IL-16: Could Adam Kinzinger Pull a Phil Gramm by Resigning from House and Elected to U.S. Senate Following Year?

Adam Kinzinger
Phil Gramm 1983

In 1983, Phil Gramm not only changed parties, but resigned from his U.S. House seat, ran in the special election and won as Republican and won U.S. Senate race year later

From the desk of John Lopez: After reading more comments in tweets, including from one IL-16 Republican primary challenger to Congressman Adam Kinzinger (R, IL-16) that he needs to resign from the Republican Party, something this morning reminded me how a then 3rd-term congressman did his party switch nearly 40 years ago.

Instead of simply notifying the U.S. House clerk he wanted his political party listing to be changed from Democrat to Republican, similar to how Justin Amash (MI-03) and Jonathan Van Drew (NJ-02) did in the past 3 years, then-Congressman Phil Gramm (D, TX-06), on the 2nd day of the 98th Congress, resigned his congressional seat, and ran for election as a Republican in the special election the following month.

The reason Gramm took such a drastic move was due to sponsoring the Gramm-Latta Budget Act of 1981 as a member of the Majority on the House Budget Committee for the newly-minted President Ronald Reagan. Gramm-Latta was the first significant legislation implementing the conservative decade of the 1980s.

Then House Speaker Thomas P. “Tip” O’Neill, Jr. of Massachusetts, in response, threw Gramm off the House Budget Committee entering the 98th Congress. Gramm resigned from the House two days into his 3rd elected term.

Texas had just elected its first Republican governor since Reconstruction in 1978, William Clements, who was voted out in 1982. Governor Mark White (D) set a special election for February 12, under a blanket primary. Gramm easily won the special election without a runoff being needed, given no candidate, including a couple of future congressmen, could build the name ID in a month Gramm had from 3 successful elections as a Democrat in a blanket primary.

The following year during the 1984 Reagan landslide, 4-term U.S. Senator John Tower (R) retired from the Senate, and Gramm won election to the open seat. Gramm’s TX-06 was won by Republican Joe Barton and has stayed Republican to this day.

During the abbreviated special election campaign and his U.S. Senate campaign, Gramm made it clear to voters he had chosen the voters over Tip O’Neill. That message resonated in a Texas that was beginning to become a Republican stronghold.

Adam Kinzinger

Could Adam Kinzinger take a similar gamble, and leave the Republican Party to become an Independent or simply resign his congressional seat to set up his preferred successor?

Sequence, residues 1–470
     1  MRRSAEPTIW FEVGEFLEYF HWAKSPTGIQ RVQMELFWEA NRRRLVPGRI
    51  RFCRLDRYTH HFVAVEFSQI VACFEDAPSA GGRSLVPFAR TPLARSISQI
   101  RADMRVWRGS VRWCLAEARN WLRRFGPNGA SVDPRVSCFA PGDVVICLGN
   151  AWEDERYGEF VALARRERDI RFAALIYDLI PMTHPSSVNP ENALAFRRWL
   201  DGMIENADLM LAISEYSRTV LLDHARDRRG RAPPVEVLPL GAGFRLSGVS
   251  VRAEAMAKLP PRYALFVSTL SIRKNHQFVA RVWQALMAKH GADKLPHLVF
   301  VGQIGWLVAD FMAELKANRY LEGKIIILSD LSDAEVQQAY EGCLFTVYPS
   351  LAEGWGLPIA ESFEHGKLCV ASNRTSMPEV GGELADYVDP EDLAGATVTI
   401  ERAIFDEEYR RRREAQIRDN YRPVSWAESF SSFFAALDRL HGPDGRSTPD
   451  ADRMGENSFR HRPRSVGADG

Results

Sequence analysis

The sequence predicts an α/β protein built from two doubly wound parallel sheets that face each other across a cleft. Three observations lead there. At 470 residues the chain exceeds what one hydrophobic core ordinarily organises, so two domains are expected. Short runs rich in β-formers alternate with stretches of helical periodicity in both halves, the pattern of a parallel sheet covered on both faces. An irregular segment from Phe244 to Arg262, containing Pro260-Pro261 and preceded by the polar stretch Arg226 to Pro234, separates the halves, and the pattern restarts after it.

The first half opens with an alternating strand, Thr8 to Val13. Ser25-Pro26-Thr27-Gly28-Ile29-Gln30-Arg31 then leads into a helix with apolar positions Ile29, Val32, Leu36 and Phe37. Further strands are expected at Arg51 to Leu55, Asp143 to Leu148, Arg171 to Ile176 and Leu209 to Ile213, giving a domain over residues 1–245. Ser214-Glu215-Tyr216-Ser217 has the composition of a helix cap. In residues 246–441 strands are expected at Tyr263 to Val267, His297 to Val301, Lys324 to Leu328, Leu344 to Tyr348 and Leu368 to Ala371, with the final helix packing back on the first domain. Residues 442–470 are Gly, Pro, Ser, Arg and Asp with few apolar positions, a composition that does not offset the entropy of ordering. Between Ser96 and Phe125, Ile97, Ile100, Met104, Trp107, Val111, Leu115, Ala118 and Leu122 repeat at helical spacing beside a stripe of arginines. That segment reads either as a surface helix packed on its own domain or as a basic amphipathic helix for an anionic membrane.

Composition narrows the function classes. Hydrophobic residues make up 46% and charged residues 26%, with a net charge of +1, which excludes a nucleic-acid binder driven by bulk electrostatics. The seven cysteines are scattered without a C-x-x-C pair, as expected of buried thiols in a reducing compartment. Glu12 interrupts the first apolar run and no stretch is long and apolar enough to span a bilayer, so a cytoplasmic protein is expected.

Legally, he could. But long-term, if he chose to pursue the U.S. Senate next year, the Independent route could cause him potential problems.

It’s an option since Kinzinger has always said he wants to stay in the House, and with his IL-16 very likely to be eliminated with the congressional remap and a late June primary for the regular election next year…causes one to pause to consider the possibility.

So how would this work?

Under Illinois law, a vacancy in the U.S. House would require Governor J.B. Pritzker to call a special election no later than 120 days of the vacancy. Under Illinois law, Governor Pritzker would have to call a special primary election within those 120 days for the established political parties, the Republicans and Democrats.

So right there, the 1983 Gramm path is disrupted because while Texas mandates a blanket primary and majority (50%+1) winner, Illinois’ winner-take-all special primary places established party candidates into up to 2 elections.

So think the current challengers, including the ones who’ve raised some money like Catalina Lauf, forcing them to run in a primary for the unexpired term, AND THEN being able to be viable to run in regular 2022 election!

Talk about bleeding your potential opponents of money, Kinzinger could do this, especially if he ran as an Independent, having to only be on the ballot once against the primary winners.

Then, Republican and Democrat special primary winners and Independent Adam Kinzinger (and his $3 million campaign bank account as of June 30). Would Kinzinger do a 1983/1984 Gramm, paraphrased/updated:

“I chose the people of IL-16 over Donald Trump/QAnon/conspiracy theories!”

So let’s look at the calendar. Kinzinger could plan his departure in sync with the end of the federal government’s fiscal year on September 30, and a resignation effective at 11:59PM ET that night would mandate a special election by the end of January, with a special primary during the middle of the Holiday season, with the general set possibly on day 120, or Saturday, January 29th, 2022!

Sue Rezin

OR, Kinzinger could force his would-be IL-16 challengers to face his preferred successor, possibly state Senator Sue Rezin (R, Morris) who could run within the boundaries of her home IL-16. She ran in the IL-14 Republican primary in 2020 finishing 2nd, in the only election she ever lost.

Something that hasn’t been widely reported. The Grundy County Republican Party Chairman Aren Hansen was recently elected to succeed the IL-16 state central committeeperson who resigned earlier this year. Could Hansen, with known ties to Rezin (who turns 57 this month), be setting something like this up?

And given a special election, Rezin would not have to resign her state senate seat to pursue Congress.

And a potential rematch with Lauf, who many of Rezin’s supporters blame for losing IL-14 primary last year, could settle that old score between the two women, especially the Rezin backers.